ESRB Ratings System Explained

After the last two weeks of controversy and confusion regarding the rating and contents of video games, lots of you have been left asking the question “how do the ratings work?” Well, it’s really not an easy question to answer, as it most likely involves esoteric astrology rituals unknown to most and/or super computers running advanced chaos mathematics algorithms to randomly generate ratings. At any rate, I’ve put together a brief guide to help clear things up.

We’ll start towards the middle of the spectrum at the Teen rating, since everything below it pretty much consists of brightly colored talking animals and ninety billion Tetris clones. As highlighted and attacked recently by everyone’s favorite anti-game crusader, The Sims 2 is a life simulator game which involves making babies. Since it’s rated Teen, all the baby making antics and other nudity are tastefully covered up with with a comical pixel blur. A blur which can be easily disabled (pictured left) by entering a quick code in the command console (intProp censorGridSize 0) to unlock all the hot naked sex. However, since the sims lack, erm, reproductive organs, it’s apparently perfectly safe for kids to make ’em dry hump each other all day. An as an added bonus, it can help parents teach kids where babies come from without that awkward “birds and bees” nonsense. Sweet!

So, if naked Barbie-esque people screwing like bunnies isn’t enough to get a Mature rating, what is? Simple. You just add some skimpy clothes to them first. For those with the attention span of a fruit fly or politician, Vice City had several missions involving a porn studio, and cut scenes showing the making of the porn, as pictured right. Sure, the M rating had much more to do with the stacks of joyful violence and carnage than it did the porn missions, but either way dressing the actors in swimsuits was enough to raise the rating. The Sims 2 only reached the level of “sexual themes”, while Vice City scored a “strong sexual content” warning on its label despite showing less skin than The Sims 2. Of course sims don’t have any parts to show, but the characters in VC don’t even show the places where parts should be, so, yea.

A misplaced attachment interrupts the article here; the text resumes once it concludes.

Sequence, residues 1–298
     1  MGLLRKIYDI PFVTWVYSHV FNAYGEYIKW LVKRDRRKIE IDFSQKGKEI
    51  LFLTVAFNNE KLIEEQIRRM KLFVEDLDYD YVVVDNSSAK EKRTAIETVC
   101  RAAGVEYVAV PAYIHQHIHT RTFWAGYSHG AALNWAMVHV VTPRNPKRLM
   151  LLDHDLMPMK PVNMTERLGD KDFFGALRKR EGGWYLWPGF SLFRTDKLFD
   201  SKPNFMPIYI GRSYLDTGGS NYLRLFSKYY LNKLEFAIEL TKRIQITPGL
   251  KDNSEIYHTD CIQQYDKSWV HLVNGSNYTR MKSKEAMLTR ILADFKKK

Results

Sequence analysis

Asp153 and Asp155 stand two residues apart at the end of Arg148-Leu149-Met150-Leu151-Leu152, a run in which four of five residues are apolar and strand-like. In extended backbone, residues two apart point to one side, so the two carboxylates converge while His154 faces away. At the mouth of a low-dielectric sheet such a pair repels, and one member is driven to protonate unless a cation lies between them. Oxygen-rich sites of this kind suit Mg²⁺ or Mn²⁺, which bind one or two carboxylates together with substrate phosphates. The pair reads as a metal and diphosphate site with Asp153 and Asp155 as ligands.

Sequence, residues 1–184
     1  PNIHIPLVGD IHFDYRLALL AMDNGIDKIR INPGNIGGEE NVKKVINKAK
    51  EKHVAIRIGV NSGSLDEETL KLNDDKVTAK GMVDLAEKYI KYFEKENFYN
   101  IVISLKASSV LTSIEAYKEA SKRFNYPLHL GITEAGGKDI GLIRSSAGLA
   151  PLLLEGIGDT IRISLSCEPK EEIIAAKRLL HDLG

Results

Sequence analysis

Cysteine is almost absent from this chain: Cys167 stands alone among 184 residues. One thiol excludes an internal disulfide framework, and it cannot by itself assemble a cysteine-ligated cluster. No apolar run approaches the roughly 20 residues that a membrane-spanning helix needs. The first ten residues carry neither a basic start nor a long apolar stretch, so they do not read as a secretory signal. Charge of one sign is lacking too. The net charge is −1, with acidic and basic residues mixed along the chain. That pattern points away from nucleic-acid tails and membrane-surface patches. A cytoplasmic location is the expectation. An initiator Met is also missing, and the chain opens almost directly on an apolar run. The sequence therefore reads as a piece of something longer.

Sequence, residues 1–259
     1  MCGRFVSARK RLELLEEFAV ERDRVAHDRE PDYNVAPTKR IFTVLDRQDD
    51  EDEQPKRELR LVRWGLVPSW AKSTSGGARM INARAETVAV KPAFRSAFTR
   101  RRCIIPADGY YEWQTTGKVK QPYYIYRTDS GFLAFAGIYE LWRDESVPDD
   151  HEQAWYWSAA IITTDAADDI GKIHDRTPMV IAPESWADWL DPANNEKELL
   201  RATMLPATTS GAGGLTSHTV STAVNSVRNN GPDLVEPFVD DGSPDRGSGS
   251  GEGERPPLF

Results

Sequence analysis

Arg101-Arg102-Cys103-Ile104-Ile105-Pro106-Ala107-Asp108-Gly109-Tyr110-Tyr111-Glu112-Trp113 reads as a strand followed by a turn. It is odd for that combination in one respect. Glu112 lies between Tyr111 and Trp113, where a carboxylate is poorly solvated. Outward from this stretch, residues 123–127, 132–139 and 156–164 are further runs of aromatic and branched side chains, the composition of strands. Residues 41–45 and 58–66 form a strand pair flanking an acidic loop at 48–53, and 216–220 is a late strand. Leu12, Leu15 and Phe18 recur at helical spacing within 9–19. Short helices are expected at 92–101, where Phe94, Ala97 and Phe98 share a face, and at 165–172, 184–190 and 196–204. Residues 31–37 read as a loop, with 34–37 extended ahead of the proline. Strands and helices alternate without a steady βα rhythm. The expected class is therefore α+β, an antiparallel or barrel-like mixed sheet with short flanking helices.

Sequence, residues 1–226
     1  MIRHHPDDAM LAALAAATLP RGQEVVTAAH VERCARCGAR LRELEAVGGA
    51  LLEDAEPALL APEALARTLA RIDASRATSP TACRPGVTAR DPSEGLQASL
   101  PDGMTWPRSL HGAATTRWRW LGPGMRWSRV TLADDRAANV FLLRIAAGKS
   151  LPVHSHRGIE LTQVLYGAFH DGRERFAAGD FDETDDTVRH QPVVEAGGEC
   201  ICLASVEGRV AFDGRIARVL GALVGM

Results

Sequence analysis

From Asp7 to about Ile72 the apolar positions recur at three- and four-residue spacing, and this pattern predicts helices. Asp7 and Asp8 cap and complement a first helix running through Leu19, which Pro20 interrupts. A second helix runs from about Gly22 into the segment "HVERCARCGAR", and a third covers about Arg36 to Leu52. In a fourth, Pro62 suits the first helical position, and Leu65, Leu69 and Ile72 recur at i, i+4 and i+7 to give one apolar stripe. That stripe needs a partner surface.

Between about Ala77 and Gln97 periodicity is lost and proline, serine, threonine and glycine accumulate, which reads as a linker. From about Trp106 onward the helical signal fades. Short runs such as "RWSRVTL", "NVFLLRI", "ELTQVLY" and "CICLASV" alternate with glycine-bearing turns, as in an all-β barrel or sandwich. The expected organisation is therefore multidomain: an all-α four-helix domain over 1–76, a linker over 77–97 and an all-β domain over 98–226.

Now that we’ve established adding clothes to sex scenes can bump a rating up from Teen to M, how does one achieve the dreaded Adults Only sticker? By adding even more clothes! Yep, I know it sounds quite insane, but just look at this picture from an unmodified “Hot Coffee” scene.

As you can clearly see, the dude is wearing a tank top, pants, and even shoes. Shoes of all things! Not only is he wearing 80% more clothes than the sex scenes in Vice City (and 100% more than the sims), but the girls are too. And aside from just having more clothes on, the content was locked away in a manner which required modding on a PC or memory hacking on a console to view. Seeing as The Sims has demonstrated that having sex and (arguable) nudity is perfectly fine in a Teen rated game as long as it is hidden by a censorship scheme which is easily defeated by any seven year old using an in-game cheat, then having it completely inaccessible outside of modding in San Andreas can’t be a legitimate reason for an AO rating. And if naked dry humping is Teen for The Sims, scantily-clothed dry humping is M for Vice City, and fully clothed dry humping is AO for San Andreas, then there is only one logical conclusion to be drawn: clothes are fucking evil and should all be burned, banned, and burned again!

That said, the only thing more shocking the industry could do is a game about Eskimos. Even the mere mention of it here will surely result in my eternal damnation, so I dare not post a single picture of the inside of the igloo. Why, I bet they’re wearing big furry parkas with hoods(!) in there while rubbing their naughty little noses together. If such a game was ever created, it would without a doubt bring forth the Apocalypse.

Oh, and if any Eskimos are offended, don’t blame me, blame the clothes haters. Igloos and those wacky albino pandas rock!